Diseases & Conditions


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Anemia, Hemolytic, Cold Antibody


Synonyms of Anemia, Hemolytic, Cold Antibody
  • Anemia, Autoimmune Hemolytic
  • Cold Agglutinin Disease
  • Cold Antibody Disease

Disorder Subdivisions



    General Discussion
    Cold antibody hemolytic anemia (CAHA) is a rare autoimmune disorder characterized by the premature destruction of red blood cells (rbcs) by the body's natural defenses against invading organisms (antibodies). Normally, the red blood cells have a life span of approximately 120 days before they are destroyed by the spleen. In individuals with CAHA, the red blood cells are destroyed prematurely and the rate of production of new cells in the bone marrow can no longer compensate for their loss. The severity of the anemia is determined by the length of time that the red blood cells survive and by the rate at which the bone marrow continues to create new red blood cell production.

    The immune hemolytic anemias are classified according to the optimal temperature at which the antibodies act to destroy red blood cells. As their names imply, cold antibody hemolytic anemia occurs at temperatures of approximately 0 to 10 degrees centigrade, while warm antibody hemolytic anemia (WAHA) occurs at temperatures of 37 degrees centigrade or higher.

    In most cases, CAHA is a primary disorder that typically becomes apparent at 50 to 60 years of age. Symptoms and findings associated with the disorder may include fatigue; low levels of circulating red blood cells (anemia); persistent yellowing of the skin, mucous membranes, and whites of the eyes (jaundice); and/or sweating and coldness of the fingers and/or toes (digits) and uneven bluish or reddish discoloration of the skin of the digits, ankles, and wrists (acrocyanosis or Raynaud?s sign).

    Cold antibody hemolytic anemia may also occur as a secondary disorder in association with a number of different underlying disorders such as certain infectious diseases (e.g., mycoplasma infection, mumps, cytomegalovirus, infectious mononucleosis), immunoproliferative diseases (e.g., non-Hodgkin?s lymphoma, chronic lymphocytic leukemia), or connective tissue disorders (e.g., systemic lupus erythematosus). Although CAHA is known to be an autoimmune disorder, its exact underlying cause is not fully understood.

    Organizations related to Anemia, Hemolytic, Cold Antibody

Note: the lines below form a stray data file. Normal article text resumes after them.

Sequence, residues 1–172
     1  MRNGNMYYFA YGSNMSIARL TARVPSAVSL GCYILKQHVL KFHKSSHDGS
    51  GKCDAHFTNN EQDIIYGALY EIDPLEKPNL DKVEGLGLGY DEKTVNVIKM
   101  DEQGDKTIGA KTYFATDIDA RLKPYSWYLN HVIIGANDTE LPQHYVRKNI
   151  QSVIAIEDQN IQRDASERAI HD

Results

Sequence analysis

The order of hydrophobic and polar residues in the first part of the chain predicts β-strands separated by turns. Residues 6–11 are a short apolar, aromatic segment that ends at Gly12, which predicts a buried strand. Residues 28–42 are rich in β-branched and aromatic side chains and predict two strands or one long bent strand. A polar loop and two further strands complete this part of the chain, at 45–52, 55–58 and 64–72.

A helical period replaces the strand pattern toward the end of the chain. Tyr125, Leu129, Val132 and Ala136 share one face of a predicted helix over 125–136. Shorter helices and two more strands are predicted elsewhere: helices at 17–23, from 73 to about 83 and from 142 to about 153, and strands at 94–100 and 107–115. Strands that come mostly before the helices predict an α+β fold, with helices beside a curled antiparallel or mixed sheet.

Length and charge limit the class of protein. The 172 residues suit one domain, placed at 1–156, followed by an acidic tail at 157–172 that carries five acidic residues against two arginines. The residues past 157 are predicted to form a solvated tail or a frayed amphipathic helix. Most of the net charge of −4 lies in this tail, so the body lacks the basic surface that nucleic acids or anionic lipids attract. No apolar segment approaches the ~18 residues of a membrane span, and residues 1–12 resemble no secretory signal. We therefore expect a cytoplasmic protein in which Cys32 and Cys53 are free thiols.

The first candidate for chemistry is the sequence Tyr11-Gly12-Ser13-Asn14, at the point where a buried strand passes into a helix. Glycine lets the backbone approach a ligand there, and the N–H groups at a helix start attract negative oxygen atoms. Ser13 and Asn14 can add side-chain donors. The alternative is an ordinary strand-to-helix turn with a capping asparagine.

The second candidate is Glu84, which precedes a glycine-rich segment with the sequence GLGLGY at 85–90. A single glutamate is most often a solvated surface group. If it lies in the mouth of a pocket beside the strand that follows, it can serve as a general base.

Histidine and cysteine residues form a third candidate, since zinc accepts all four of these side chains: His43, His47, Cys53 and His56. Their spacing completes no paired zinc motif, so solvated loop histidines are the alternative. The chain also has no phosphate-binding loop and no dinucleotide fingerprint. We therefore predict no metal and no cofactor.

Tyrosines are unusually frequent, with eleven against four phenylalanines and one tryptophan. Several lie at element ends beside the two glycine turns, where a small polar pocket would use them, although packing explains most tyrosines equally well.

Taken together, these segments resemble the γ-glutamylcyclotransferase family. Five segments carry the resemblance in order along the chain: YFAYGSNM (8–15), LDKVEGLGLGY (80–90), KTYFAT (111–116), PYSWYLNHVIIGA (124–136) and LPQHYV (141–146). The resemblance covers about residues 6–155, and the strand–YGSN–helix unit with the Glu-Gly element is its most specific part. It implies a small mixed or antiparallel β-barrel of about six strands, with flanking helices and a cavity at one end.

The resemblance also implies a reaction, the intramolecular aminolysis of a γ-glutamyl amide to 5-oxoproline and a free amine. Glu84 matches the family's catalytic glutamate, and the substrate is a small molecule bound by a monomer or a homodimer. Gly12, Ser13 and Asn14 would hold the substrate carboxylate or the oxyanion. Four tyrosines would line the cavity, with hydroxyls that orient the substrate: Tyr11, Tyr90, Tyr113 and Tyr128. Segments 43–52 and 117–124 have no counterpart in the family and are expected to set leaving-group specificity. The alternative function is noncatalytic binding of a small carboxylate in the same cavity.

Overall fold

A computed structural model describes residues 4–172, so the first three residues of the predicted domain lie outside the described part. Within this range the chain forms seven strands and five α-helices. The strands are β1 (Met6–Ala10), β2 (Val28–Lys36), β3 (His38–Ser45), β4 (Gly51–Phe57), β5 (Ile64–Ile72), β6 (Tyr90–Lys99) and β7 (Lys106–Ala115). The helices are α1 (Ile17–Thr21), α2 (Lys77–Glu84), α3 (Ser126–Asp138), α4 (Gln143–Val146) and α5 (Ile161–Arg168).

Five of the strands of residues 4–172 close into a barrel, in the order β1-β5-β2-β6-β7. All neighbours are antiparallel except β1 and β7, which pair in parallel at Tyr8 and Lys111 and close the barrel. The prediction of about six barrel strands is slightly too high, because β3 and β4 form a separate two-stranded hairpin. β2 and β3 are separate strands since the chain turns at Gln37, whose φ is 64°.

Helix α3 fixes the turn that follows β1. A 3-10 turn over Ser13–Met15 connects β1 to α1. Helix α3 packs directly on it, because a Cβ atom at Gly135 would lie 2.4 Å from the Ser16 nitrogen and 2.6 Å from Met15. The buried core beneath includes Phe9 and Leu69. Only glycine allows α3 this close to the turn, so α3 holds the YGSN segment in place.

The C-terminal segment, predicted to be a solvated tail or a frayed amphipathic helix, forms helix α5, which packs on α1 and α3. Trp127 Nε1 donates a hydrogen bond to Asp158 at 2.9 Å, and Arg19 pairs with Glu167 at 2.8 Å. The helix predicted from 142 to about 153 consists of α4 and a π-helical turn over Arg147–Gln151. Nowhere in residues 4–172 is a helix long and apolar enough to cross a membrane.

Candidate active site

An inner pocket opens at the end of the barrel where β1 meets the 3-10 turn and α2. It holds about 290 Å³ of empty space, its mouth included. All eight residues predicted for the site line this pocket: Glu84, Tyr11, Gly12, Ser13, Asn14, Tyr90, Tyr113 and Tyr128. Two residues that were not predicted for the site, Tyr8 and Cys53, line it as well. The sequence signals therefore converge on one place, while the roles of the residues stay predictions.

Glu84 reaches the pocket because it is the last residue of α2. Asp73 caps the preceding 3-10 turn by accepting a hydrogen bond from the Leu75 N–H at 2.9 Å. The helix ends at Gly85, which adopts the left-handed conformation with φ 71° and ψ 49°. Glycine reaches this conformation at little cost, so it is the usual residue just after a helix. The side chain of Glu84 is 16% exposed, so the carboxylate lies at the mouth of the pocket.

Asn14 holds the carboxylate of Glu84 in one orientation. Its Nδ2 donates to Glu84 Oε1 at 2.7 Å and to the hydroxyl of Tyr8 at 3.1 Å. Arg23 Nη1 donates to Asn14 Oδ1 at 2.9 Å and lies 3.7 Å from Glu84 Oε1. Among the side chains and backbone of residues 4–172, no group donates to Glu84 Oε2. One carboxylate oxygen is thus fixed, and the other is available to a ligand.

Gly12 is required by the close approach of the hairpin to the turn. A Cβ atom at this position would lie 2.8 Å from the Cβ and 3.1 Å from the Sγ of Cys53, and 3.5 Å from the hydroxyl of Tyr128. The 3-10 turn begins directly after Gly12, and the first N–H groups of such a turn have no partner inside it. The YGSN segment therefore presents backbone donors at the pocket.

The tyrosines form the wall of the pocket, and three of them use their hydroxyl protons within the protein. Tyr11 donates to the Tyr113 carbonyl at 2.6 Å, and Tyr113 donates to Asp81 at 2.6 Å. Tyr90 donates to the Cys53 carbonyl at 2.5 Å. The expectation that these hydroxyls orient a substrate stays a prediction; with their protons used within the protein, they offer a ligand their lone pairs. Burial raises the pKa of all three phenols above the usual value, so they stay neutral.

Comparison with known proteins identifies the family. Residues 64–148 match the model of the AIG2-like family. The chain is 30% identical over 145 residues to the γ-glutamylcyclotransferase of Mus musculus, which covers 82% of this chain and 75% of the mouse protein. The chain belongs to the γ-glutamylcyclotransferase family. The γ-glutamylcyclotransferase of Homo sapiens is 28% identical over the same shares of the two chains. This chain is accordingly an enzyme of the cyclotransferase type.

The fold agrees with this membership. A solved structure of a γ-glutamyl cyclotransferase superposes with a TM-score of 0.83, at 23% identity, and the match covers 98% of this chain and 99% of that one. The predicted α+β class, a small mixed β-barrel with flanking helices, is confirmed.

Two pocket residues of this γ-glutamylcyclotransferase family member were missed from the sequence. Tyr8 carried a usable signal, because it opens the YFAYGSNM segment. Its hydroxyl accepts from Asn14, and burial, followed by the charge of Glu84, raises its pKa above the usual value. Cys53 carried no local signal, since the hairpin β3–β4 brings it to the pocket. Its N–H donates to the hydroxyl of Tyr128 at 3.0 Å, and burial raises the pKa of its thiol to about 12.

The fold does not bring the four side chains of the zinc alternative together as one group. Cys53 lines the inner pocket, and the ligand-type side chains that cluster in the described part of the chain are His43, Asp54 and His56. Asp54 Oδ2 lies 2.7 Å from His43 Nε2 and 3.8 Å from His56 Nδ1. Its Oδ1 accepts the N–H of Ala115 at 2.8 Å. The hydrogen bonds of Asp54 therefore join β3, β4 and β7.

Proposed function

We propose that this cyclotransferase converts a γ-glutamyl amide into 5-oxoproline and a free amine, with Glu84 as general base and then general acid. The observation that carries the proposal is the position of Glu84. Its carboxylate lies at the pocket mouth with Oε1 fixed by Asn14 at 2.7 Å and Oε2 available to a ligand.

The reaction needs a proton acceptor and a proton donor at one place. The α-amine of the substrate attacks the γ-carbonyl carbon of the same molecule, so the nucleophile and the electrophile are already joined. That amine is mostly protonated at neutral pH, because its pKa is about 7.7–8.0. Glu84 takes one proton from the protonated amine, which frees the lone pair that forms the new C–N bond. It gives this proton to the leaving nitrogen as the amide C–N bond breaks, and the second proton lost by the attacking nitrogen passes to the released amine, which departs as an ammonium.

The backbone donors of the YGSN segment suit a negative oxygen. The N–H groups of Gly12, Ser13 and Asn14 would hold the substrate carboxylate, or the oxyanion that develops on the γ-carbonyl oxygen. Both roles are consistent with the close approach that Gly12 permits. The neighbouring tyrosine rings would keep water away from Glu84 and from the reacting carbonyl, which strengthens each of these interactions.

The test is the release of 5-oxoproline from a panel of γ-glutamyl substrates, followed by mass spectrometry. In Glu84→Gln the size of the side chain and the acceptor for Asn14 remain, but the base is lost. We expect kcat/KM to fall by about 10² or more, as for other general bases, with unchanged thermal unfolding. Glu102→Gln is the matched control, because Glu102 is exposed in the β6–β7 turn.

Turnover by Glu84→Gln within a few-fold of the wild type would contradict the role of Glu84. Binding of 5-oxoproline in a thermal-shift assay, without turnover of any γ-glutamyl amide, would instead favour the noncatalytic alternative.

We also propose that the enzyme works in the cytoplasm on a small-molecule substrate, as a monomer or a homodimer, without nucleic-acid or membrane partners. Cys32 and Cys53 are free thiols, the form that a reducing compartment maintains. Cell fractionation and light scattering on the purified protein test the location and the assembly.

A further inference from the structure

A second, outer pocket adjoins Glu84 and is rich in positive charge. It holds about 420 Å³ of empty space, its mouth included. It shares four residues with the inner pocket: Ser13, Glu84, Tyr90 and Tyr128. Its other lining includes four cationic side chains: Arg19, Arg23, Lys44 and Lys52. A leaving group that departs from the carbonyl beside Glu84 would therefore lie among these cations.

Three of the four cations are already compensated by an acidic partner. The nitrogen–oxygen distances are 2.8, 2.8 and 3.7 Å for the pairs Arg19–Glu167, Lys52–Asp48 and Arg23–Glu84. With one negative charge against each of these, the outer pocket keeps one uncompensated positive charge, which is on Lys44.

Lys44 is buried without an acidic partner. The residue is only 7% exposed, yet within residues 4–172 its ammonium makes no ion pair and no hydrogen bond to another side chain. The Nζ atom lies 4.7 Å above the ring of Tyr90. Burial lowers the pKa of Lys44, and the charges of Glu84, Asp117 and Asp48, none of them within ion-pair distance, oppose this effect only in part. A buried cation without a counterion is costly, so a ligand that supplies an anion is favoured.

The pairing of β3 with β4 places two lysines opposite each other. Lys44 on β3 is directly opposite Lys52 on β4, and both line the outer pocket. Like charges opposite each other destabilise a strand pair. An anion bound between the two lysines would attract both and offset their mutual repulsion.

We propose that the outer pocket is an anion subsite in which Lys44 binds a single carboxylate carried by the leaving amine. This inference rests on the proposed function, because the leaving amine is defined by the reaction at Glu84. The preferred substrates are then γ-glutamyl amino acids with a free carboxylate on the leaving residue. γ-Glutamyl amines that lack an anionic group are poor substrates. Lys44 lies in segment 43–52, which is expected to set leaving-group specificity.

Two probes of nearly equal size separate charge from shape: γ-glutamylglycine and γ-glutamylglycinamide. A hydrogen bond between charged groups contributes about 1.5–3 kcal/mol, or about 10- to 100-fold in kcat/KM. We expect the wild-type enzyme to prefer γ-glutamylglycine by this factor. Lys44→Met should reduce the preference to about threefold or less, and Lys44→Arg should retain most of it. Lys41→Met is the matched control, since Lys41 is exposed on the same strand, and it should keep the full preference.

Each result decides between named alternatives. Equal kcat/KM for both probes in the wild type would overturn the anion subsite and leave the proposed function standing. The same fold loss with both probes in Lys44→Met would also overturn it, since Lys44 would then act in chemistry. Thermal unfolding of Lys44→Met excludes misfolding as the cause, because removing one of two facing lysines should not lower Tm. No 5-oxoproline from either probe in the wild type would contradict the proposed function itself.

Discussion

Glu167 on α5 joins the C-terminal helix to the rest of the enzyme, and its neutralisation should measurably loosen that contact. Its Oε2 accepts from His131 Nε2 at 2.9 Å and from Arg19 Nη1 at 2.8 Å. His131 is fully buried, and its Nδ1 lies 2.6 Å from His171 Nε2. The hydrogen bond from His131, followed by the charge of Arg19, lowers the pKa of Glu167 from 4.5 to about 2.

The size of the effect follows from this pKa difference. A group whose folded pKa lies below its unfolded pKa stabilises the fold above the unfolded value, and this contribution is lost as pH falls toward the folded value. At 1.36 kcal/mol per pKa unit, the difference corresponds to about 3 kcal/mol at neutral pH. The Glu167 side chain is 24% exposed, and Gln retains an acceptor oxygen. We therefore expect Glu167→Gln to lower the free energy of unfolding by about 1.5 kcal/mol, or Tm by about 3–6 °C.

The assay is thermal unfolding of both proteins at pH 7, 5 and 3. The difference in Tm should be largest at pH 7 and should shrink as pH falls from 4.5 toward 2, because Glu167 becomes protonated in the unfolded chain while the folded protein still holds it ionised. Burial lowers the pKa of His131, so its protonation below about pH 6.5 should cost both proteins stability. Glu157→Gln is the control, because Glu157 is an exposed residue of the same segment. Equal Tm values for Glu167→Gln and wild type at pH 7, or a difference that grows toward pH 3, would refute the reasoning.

• American Autoimmune Related Diseases Association, Inc.
      22100 Gratiot Avenue
      Eastpointe MI 48021
      Phone #: 586-776-3900
      800 #: 800-598-4668
      e-mail: aarda@aarda.org
      Home page: http://www.aarda.org/
    • AutoImmunity Community
      None
      None None None
      Phone #: (91-9) -552-9057
      800 #: N/A
      e-mail: bandrews@autoimmunitycommunity.org
      Home page: http://autoimmunitycommunity.org
    • Cold Agglutinin Disease E-Support
      c/o Betty Usdan
      Hollywood FL 33021
      Phone #: 954-961-2703
      800 #: N/A
      e-mail: N/A
      Home page: http://www.coldagglutinindisease.org
    • March of Dimes Birth Defects Foundation
      1275 Mamaroneck Avenue
      White Plains NY 10605
      Phone #: 914-428-7100
      800 #: 888-663-4637
      e-mail: Askus@marchofdimes.com
      Home page: http://www.marchofdimes.com
    • NIH/National Heart, Lung and Blood Institute Information Center
      P.O. Box 30105
      Bethesda MD 20824-0105
      Phone #: 301-592-8573
      800 #: --
      e-mail: nhlbiinfo@rover.nhlbi.nih.gov
      Home page: N/A



    For a Complete Report

    This is an abstract of a report from the National Organization for Rare Disorders, Inc. ? (NORD). A copy of the complete report can be obtained for a small fee by visiting the NORD website. The complete report contains additional information including symptoms, causes, affected population, related disorders, standard and investigational treatments (if available), and references from medical literature. For a full-text version of this topic, see http://www.rarediseases.org/search/rdblist.html